Some market observers believe that 2017 will be the year that European stocks will end a multi-year run of lagging their U.S. counterparts. Investors looking to play that trend have plenty of exchange traded funds to pick from.
The Vanguard FTSE Europe ETF (NYSEArca: VGK) is the largest dedicated Europe ETF trading in the U.S. Investors should note VGK is not a dedicated Eurozone ETF as highlighted by its hefty weights to the U.K., Switzerland and some Nordic countries.
In a post-Brexit environment, many immediately wrote-off European exposure in a knee-jerk reaction to the ongoing uncertainties. However, investors may miss out on cheap valuations in Europe-related exchange traded funds as a long-term investment opportunity.
The European Central Bank has been implementing a loose monetary policy that dragged yields down to record lows. Consequently, dividend-paying European stocks and related exchange traded funds (ETFs) may strengthen as more investors turn to riskier assets.
Like other developed markets, many European markets, both in and out of the Eurozone, are home to major equity benchmarks with higher dividend yields than the S&P 500. The yield disparity between European stocks and bonds has been widening as recent global uncertainty pushed investors out of the equities market and into safe-haven fixed-income assets.
VGK “is one of the cheapest and best-diversified funds in the Europe stock Morningstar Category. The portfolio is made up of nearly 1,200 stocks across the market-cap spectrum from 16 developed countries in Europe, representing 98% of the investable market,” said Morningstar in a recent note.
VGK just got a little cheaper. Last week, Vanguard unveiled another round of fee cuts and VGK was part of that group. The Europe ETF now charges 0.1% per year, or $10 on a $10,000 investment, down from 0.12% per year.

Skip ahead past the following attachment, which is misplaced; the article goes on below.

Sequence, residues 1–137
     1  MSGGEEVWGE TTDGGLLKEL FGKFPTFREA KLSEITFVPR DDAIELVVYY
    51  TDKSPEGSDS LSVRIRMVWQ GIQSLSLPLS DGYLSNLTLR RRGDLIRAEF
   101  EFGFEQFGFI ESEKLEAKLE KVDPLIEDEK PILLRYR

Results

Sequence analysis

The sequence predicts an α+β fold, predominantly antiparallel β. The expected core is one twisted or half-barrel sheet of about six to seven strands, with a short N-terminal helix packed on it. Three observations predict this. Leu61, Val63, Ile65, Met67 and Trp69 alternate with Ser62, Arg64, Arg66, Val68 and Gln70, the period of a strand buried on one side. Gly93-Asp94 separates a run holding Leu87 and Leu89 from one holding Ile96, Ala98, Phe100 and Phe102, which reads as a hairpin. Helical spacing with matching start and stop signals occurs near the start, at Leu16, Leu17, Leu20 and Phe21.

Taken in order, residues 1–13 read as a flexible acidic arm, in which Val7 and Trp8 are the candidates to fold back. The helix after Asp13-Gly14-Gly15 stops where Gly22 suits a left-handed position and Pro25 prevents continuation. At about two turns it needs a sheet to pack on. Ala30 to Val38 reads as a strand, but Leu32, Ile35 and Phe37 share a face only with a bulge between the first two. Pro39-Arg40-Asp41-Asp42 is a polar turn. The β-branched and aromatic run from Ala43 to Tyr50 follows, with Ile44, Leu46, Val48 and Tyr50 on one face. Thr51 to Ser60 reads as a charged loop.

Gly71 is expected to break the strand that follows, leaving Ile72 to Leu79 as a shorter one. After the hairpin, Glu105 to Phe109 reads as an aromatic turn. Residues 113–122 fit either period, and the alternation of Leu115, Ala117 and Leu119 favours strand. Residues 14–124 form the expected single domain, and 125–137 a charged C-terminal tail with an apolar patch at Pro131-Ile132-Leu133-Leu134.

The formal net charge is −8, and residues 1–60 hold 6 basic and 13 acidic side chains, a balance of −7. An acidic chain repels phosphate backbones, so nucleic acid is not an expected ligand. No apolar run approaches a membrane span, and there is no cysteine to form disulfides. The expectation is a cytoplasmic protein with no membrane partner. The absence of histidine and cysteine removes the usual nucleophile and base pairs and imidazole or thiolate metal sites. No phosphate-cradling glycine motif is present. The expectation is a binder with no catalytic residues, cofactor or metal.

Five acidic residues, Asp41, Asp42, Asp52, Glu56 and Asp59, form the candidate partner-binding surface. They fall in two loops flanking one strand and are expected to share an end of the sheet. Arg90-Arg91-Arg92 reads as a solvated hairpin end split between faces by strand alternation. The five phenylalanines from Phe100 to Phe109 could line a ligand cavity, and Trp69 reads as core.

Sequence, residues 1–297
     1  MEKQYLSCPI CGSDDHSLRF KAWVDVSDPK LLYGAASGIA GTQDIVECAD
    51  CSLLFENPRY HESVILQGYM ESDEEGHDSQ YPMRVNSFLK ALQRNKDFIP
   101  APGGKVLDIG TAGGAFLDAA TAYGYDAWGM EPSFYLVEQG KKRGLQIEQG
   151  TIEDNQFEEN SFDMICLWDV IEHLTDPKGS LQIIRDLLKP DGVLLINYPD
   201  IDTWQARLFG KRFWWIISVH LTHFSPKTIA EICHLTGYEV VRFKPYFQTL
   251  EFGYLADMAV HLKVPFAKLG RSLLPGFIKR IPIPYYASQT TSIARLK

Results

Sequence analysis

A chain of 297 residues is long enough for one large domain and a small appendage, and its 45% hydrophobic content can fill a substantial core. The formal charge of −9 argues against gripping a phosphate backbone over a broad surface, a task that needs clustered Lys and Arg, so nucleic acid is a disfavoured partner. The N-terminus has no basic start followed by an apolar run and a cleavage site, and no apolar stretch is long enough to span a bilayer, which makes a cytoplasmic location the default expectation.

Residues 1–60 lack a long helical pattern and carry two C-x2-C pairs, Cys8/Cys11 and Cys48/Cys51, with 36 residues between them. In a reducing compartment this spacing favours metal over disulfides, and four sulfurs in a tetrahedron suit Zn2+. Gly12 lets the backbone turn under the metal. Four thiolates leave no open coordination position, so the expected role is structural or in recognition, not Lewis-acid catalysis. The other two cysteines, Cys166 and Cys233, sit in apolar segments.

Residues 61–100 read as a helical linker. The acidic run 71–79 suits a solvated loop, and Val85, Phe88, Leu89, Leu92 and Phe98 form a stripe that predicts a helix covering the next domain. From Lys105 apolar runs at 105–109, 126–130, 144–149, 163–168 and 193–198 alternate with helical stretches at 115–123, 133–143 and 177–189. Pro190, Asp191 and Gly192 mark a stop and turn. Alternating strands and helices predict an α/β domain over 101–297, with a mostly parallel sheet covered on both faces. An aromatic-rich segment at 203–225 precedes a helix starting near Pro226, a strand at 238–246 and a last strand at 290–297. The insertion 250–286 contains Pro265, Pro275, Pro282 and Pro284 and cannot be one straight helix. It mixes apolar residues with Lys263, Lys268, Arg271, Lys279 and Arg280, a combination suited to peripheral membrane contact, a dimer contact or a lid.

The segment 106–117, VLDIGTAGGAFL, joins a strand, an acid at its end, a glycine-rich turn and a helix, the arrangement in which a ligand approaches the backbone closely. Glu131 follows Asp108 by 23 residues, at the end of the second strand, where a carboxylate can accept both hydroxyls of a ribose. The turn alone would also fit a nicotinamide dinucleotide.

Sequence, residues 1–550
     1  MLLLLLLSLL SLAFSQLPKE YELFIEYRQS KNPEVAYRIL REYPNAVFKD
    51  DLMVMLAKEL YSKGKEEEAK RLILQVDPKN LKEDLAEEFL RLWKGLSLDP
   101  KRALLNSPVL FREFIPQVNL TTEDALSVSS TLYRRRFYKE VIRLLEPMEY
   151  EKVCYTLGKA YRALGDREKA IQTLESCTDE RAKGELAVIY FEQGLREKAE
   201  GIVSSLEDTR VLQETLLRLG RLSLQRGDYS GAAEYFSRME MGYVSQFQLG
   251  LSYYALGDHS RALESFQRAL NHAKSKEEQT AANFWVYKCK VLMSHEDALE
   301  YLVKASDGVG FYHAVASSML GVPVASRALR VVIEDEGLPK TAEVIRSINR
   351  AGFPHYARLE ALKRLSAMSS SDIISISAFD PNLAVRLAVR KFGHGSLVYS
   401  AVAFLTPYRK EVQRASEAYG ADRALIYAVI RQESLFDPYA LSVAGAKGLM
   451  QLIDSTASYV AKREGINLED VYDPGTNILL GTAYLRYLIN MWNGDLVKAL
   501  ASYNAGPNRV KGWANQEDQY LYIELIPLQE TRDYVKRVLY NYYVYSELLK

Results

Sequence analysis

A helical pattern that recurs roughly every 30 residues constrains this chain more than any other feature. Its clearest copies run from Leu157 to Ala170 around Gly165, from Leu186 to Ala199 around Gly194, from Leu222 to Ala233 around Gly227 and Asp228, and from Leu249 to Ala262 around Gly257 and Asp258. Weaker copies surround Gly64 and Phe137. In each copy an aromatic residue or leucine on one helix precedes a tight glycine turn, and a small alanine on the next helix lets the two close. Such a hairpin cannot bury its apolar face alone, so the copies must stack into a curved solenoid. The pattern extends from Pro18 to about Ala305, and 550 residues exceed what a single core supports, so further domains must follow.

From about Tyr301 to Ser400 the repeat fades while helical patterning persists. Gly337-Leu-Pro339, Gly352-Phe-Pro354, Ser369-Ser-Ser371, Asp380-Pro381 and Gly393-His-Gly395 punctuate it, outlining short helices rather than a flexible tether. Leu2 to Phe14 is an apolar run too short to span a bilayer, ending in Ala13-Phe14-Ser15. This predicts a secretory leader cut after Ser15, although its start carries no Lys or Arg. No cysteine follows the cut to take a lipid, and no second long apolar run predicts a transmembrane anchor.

“The fund weights these holdings by market cap, which promotes low turnover and reflects the market’s collective view about the relative value of each holding. Style purists should note that because the portfolio is tilted toward large multinational firms, such as Novartis (NVS), Vodafone Group (VOD), and Nestle (NSRGY), it does not offer clean exposure to the European economy. However, most of the fund’s country and sector weightings are similar to the category average, though VGK has greater exposure to financial-services stocks and less exposure to the technology sector,” adds Morningstar.
VGK is up almost 3.7% year-to-date.
For more information on the European markets, visit our Europe category.
The opinions and forecasts expressed herein are solely those of Tom Lydon, and may not actually come to pass. Information on this site should not be used or construed as an offer to sell, a solicitation of an offer to buy, or a recommendation for any product.